How to bleach white fabric with embroidery
Can Clorox be used on white clothing with black embroidery?
Normally I recommend the bleachability test to determine if a colored item can be safely washed with Clorox® Regular-Bleach: Add 2 teaspoons bleach to ¼ cup water and apply a drop of the solution to a hidden part of the item; wait 1 minute and blot dry; no color change means the item can be safely bleached. With embroidery, it’s a little more complicated since it is virtually impossible to test for bleachability on a “hidden area” without potentially discoloring the embroidery thread if it isn’t bleach-fast. It would help if you knew the fiber content of the embroidery thread—if it’s polyester, there is actually a good chance that it will be bleach-fast, but this information is generally not provided, making it difficult to know for sure without giving it a try. With cotton embroidery thread, whether or not it is bleach-fast depends on what type of dye was used. Assuming you decide bleaching the item is important enough to take the chance that the embroidery may fade slightly or discolor, I would follow our “for best results” instructions, delaying the addition of the bleach as follows: Dilute ¾ cup Clorox® Regular-Bleach in 1 quart water and add to the washer 5 minutes after the cycle has begun agitating.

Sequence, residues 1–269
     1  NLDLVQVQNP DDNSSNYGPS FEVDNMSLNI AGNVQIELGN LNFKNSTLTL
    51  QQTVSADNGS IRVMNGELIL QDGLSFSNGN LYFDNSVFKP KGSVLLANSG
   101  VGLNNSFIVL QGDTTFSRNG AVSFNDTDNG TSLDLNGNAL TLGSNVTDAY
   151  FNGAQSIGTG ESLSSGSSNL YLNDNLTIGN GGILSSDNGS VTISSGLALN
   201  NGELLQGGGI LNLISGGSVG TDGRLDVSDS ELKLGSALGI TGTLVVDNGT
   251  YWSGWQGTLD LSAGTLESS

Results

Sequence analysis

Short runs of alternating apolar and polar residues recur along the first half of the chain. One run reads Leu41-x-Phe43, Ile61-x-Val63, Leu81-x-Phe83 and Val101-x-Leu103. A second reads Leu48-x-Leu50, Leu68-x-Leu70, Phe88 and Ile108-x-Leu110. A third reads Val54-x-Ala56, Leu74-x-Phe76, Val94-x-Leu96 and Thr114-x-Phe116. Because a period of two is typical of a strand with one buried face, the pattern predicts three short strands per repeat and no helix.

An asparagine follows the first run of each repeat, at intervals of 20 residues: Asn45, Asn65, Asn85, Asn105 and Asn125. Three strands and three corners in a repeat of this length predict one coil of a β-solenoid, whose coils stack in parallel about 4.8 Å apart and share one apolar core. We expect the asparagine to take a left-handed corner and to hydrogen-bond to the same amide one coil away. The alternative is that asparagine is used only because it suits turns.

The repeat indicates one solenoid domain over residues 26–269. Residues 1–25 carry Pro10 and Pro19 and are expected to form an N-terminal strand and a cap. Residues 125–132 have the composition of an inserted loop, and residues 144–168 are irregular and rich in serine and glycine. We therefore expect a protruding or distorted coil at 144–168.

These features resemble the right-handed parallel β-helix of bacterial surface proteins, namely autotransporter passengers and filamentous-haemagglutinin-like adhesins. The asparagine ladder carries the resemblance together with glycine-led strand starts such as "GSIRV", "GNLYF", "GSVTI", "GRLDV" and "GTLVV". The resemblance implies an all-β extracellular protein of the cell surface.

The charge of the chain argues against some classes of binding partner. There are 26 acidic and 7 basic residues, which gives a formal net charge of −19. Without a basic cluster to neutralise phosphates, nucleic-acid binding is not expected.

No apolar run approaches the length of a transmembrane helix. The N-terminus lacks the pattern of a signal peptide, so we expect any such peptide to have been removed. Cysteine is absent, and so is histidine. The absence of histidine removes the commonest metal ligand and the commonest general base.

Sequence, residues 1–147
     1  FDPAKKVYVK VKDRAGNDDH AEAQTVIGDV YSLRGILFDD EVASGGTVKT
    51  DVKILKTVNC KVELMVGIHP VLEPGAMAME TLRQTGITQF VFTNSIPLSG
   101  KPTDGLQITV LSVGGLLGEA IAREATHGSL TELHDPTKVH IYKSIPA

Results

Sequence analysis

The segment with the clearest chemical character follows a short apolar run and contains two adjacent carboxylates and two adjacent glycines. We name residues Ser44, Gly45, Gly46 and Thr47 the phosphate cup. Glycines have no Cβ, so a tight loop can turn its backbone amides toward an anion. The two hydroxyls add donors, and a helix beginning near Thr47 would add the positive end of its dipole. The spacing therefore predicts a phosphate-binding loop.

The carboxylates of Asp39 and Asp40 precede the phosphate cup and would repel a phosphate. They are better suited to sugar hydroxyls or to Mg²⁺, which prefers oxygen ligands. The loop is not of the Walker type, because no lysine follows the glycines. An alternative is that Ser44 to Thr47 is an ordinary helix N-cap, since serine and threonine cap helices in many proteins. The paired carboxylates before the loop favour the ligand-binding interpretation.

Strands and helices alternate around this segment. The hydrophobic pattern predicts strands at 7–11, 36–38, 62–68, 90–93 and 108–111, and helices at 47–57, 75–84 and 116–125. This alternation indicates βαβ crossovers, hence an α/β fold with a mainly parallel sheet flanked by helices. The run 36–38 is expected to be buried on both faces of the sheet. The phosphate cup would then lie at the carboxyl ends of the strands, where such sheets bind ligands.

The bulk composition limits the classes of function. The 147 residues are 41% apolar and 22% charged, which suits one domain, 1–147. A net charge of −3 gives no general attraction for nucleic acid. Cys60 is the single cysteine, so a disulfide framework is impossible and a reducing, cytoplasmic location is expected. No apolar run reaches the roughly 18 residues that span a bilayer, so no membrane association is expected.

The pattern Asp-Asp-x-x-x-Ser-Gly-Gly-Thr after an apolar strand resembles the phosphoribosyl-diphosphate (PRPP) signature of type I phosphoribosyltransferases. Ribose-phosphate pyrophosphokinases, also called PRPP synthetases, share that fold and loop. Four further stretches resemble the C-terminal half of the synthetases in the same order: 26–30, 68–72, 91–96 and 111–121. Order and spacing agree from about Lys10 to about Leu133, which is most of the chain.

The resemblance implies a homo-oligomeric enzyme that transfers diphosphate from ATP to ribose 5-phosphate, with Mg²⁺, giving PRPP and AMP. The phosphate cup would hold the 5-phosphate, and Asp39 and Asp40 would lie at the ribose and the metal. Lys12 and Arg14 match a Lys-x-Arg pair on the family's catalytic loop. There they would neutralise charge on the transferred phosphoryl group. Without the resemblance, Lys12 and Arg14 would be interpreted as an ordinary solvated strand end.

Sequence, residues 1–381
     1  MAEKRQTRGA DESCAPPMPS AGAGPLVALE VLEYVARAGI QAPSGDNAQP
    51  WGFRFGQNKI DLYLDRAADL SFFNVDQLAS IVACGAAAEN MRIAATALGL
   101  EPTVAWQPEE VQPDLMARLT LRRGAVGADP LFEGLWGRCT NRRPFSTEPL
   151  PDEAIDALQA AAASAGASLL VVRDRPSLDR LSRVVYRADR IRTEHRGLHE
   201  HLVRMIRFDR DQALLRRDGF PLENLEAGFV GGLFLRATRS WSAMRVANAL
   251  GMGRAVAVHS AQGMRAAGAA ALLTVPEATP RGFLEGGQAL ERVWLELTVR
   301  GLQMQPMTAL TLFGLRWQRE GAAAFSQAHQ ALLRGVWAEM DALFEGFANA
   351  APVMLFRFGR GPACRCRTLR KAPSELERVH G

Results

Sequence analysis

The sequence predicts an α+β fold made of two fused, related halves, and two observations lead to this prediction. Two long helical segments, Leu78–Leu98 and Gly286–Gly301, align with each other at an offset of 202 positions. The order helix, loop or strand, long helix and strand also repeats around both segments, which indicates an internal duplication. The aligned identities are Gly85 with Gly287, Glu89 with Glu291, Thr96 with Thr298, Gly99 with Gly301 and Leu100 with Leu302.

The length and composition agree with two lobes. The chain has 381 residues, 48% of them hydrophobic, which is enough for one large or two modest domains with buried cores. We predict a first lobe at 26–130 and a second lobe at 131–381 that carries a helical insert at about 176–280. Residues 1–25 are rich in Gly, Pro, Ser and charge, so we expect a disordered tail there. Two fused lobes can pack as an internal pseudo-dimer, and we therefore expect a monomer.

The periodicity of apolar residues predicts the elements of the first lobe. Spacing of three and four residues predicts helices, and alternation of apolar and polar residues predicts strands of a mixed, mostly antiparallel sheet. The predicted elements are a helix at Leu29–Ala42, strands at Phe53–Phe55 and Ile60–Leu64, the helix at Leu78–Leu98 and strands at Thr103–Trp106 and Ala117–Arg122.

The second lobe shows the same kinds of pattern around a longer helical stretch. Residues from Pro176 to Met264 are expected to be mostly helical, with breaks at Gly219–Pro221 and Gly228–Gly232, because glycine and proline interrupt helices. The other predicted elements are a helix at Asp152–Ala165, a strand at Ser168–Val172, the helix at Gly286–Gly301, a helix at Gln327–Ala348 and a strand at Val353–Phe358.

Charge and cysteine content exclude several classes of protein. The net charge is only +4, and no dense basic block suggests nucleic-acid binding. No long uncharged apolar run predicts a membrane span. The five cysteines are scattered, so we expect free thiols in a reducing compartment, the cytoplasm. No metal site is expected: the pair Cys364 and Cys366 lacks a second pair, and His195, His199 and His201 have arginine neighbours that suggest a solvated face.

If you decide against bleaching the entire item, you may want to try applying Clorox® Bleach Pen Gel to any specific stains you are trying to remove. Just be sure to wash the item immediately after pretreating. Or, you could try an overnight pre-soak with powdered Clorox2® Stain Remover and Color Booster. Dissolve 1 scoop or 1 pack in 2 gallons water and fully submerge the item for up to 8 hours. Drain the soaking solution then wash the item in the hottest water recommended on the care label with detergent + more Clorox2®. This approach is particularly good for white items that include spandex and therefore can’t be washed with Clorox® Regular-Bleach or Clorox® Bleach Pen Gel.